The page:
In European air traffic, a lot has been going haywire recently. Many passengers are annoyed by frequent delays and flight cancellations. This is reflected in the number of complaints.
Dhe complaints about air travel to the Arbitration Board for Public Transport (SÖP) have skyrocketed. In the first half of 2018, 7745 conciliation requests were received from passengers, 45 percent more than in the same period of the previous year, as the facility announced on Thursday in Berlin. In June alone there were more than 2000. For all modes of transport combined, 9589 applications were received from January to June, an increase of 37 percent.
The SÖP is recognized by the federal government as an arbitration body for rail, air, long-distance bus and ship. For the most part, it is about compensation for delays or cancellations of flights and trains. Four fifths (81 percent) of all complaints now relate to air travel, 15 percent to train journeys and the remaining 4 percent to long-distance buses and local public transport.
For the significant increase in the number of cases, “the irregularities in national and European air traffic that have been occurring for a few months are also responsible,” said SÖP managing director Heinz Klewe. “Customers feel the negative consequences of the numerous flight delays and flight cancellations up close and are demanding financial compensation based on European passenger rights.”
Bottlenecks, strikes, storms
There are a number of reasons for the problems in aviation. The airlines name bottlenecks in air traffic control, air traffic controller strikes, long waiting times at passenger controls and an accumulation of storms. Added to this are the consequences of Air Berlin’s bankruptcy last year. The Lufthansa subsidiary Eurowings and Easyjet have taken over most of the aircraft. However, their re-registration to the new owners and involvement of the crews in the fleets takes a few months.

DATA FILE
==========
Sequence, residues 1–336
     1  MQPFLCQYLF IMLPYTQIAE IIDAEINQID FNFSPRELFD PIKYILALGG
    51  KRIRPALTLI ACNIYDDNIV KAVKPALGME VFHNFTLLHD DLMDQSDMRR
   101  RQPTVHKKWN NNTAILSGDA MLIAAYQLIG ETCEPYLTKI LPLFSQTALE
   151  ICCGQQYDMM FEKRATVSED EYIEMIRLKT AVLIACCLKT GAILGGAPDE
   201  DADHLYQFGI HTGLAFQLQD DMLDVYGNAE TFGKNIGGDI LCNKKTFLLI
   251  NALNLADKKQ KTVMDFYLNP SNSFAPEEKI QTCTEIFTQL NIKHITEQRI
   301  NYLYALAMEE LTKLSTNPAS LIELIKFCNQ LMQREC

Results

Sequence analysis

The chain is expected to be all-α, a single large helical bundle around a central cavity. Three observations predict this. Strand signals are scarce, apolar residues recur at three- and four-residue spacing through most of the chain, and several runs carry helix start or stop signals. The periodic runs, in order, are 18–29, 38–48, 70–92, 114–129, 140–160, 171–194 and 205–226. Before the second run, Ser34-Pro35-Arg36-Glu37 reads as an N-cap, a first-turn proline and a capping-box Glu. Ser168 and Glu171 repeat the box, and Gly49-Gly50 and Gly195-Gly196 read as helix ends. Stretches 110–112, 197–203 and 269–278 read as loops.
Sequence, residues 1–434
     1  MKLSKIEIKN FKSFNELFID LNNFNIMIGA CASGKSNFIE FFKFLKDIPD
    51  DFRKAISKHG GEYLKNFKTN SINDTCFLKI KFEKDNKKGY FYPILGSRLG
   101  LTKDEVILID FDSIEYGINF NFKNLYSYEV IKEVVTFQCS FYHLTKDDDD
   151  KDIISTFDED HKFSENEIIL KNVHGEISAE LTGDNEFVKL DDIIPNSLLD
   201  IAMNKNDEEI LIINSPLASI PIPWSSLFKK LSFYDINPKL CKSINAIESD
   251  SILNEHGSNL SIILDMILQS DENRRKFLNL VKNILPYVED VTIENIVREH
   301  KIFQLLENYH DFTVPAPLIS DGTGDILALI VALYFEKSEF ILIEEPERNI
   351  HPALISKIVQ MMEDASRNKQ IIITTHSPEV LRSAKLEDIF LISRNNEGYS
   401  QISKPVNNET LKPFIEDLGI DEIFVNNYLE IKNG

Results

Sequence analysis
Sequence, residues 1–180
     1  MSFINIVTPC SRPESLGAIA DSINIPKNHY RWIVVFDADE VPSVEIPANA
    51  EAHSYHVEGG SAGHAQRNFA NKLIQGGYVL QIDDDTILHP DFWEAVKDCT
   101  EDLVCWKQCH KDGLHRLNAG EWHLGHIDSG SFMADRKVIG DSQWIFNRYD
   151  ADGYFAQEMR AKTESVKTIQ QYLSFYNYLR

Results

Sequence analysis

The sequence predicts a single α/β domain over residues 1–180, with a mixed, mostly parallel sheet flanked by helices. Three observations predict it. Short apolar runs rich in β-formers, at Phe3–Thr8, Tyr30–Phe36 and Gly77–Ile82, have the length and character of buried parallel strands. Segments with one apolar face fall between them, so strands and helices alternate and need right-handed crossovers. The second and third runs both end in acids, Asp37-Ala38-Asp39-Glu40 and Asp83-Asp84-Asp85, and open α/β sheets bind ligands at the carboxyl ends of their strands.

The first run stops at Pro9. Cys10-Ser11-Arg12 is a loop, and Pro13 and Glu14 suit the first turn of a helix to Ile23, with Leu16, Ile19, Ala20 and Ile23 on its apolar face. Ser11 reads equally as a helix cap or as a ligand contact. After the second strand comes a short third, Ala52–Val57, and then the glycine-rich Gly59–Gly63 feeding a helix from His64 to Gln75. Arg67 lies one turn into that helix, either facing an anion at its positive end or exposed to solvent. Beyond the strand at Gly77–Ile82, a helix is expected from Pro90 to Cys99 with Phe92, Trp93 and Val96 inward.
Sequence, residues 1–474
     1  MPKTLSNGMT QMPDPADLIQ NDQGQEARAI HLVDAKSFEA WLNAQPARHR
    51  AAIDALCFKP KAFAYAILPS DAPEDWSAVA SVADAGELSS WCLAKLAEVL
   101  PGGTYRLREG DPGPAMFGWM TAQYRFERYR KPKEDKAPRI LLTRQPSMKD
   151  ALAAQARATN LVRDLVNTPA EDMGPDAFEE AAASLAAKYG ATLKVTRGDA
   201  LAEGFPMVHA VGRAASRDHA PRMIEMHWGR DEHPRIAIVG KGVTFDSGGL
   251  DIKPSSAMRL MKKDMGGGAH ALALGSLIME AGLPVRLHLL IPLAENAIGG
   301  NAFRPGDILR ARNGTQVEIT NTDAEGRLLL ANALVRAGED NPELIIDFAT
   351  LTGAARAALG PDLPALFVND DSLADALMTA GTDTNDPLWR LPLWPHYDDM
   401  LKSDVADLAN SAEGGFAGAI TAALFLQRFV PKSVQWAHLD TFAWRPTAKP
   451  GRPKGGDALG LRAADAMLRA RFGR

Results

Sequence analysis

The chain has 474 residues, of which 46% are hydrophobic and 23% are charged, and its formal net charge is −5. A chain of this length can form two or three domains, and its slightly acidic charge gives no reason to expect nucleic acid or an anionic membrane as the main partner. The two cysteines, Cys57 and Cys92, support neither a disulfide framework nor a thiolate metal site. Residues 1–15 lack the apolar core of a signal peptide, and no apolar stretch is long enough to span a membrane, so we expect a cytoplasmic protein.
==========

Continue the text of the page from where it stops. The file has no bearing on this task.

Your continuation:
The number of complaints regarding rail travel decreased in 2014, 2015 and 2016. The trend has now reversed again. The SÖP received 1,473 arbitration requests for rail travel in the first half of the year, 15 percent more than in the first half of 2017.
The SÖP assumes that its level of awareness has increased further and that it is therefore asked for help more often. The arbitration rate, which is the proportion of cases with a binding dispute resolution, increased in the first half of the year for the airlines to 81 percent (full year 2017: 76 percent) and for the railways to 80 percent (2017: 73 percent). Around 360 transport companies are now taking part in the arbitration process, which they finance themselves.